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    On November 25, 1895, a cornerstone of ice was laid in Leadville, Colorado -- the beginning of the largest ice palace ever built in America. In an effort to bolster the town's sagging economy, the citizens staged a winter carnival. On New Year's Day of 1896, the town turned out for the grand opening. The immense palace measured 450 x 320 feet. The towers that flanked the entrance were 90 feet high. Inside was a 16,000-square-foot skating rink. But by the end of March the palace was melting away, along with the hopes of Leadville. The thousands of visitors had spent very little.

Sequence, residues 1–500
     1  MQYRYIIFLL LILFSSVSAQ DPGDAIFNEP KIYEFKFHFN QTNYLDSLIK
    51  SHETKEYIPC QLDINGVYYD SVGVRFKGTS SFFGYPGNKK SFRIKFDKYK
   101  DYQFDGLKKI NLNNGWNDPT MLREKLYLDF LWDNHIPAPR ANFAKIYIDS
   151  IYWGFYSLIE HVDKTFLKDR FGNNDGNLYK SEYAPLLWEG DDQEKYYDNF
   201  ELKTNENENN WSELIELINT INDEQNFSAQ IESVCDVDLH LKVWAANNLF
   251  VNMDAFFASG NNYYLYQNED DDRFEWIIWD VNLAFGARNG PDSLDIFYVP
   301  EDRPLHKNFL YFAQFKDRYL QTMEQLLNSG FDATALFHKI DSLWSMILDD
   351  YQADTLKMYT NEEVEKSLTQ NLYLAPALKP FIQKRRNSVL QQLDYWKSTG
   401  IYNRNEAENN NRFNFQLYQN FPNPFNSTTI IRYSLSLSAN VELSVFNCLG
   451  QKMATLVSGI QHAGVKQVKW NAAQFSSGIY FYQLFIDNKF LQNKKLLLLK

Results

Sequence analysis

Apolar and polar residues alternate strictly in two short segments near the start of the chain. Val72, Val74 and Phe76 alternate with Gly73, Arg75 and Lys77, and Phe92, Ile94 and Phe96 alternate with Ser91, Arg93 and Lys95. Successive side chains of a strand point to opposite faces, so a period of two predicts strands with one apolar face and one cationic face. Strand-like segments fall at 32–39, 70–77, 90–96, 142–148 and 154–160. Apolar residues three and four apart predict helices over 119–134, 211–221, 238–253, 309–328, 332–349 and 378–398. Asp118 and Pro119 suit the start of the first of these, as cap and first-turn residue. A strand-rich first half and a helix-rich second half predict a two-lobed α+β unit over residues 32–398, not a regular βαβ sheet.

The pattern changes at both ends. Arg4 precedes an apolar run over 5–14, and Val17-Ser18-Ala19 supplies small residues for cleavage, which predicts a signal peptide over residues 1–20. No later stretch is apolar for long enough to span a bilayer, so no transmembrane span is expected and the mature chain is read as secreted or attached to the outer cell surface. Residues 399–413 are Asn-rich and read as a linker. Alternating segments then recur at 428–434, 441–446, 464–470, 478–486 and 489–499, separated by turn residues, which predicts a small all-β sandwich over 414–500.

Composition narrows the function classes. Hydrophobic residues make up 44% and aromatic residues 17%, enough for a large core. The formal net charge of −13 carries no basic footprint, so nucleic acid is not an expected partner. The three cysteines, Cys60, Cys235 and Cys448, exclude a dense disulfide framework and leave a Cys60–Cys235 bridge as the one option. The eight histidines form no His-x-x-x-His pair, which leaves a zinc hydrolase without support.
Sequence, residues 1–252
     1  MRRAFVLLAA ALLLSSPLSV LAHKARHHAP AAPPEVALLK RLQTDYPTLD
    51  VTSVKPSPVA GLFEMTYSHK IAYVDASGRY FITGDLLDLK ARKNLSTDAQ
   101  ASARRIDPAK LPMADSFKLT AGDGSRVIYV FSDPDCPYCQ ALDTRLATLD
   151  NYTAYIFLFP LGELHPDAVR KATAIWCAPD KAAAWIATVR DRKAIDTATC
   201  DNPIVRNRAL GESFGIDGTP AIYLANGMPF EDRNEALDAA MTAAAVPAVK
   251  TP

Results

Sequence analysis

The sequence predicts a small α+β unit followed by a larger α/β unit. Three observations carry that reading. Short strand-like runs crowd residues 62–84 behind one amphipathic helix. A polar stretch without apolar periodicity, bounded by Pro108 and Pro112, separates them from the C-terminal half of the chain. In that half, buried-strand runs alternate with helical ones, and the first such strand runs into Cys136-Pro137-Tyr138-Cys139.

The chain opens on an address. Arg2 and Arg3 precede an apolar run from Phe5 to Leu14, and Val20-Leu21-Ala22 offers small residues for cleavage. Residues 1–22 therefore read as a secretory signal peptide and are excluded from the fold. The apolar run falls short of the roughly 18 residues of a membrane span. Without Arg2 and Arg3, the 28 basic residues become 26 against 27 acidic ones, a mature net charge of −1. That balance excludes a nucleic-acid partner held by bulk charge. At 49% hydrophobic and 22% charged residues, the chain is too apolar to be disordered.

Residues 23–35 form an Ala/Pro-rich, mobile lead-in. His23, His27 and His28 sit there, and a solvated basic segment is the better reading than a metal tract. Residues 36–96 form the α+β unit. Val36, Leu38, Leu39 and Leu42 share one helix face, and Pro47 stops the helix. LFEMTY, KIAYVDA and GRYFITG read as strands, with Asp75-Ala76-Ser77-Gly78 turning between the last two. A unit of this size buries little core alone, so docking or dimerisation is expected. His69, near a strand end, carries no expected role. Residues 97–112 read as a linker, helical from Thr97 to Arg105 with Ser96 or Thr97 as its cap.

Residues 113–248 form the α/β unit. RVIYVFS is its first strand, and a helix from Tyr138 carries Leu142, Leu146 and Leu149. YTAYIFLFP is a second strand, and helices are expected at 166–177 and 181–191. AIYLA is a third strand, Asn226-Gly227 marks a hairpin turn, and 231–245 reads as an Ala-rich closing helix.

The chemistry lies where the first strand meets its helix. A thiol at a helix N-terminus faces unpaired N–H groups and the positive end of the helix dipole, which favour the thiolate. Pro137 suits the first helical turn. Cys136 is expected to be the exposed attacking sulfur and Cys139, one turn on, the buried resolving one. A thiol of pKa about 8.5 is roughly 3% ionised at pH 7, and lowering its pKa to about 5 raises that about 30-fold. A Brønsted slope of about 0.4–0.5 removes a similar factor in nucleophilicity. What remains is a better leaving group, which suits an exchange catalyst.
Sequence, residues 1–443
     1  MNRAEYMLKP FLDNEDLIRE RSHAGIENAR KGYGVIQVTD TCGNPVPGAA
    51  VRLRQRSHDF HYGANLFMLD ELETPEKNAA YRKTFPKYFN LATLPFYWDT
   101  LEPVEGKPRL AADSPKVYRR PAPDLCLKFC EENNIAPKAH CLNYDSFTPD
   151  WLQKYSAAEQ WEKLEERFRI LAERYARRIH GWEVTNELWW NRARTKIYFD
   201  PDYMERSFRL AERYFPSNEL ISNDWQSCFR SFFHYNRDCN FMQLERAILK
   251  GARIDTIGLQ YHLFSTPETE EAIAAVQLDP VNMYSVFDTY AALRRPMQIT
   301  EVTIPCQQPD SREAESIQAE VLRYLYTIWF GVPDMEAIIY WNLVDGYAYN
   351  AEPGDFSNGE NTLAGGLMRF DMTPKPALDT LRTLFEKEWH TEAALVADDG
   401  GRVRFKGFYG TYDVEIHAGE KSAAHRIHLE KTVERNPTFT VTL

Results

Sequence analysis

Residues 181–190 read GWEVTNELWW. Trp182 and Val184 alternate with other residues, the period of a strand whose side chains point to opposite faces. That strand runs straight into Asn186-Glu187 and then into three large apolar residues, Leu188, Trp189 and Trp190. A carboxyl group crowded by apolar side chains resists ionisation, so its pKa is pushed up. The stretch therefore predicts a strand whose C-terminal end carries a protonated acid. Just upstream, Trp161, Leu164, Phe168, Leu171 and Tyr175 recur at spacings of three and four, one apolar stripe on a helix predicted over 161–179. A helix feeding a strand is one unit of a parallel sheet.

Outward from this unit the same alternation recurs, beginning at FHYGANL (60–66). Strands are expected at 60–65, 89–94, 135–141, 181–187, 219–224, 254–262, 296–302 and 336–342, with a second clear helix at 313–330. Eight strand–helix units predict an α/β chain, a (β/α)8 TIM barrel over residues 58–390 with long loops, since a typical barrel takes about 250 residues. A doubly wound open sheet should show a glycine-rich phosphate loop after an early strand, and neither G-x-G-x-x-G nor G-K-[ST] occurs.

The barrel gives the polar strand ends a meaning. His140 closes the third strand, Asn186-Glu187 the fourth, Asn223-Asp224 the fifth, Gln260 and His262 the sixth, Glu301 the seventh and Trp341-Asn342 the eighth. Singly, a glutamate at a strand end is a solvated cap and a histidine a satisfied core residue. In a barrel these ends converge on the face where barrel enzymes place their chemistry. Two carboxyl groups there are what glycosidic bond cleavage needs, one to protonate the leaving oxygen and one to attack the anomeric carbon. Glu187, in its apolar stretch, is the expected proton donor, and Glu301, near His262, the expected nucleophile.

Today in the Word, August 4, 1993.

    If anything looks like it could withstand time, it's Mount Rushmore in the Black Hills of South Dakota. But up close, maintenance crews have found something disturbing -- cracks running through the granite faces of Washington, Jefferson, Theodore Roosevelt, and Lincoln. The monument isn't in immediate danger, but experts say that without a facelift the world's largest sculpture could begin crumbling. Water runs into the cracks and freezes in winter, pushing on the rock with a force of 2,000 pounds per square inch. 

    Today in the Word, October 3.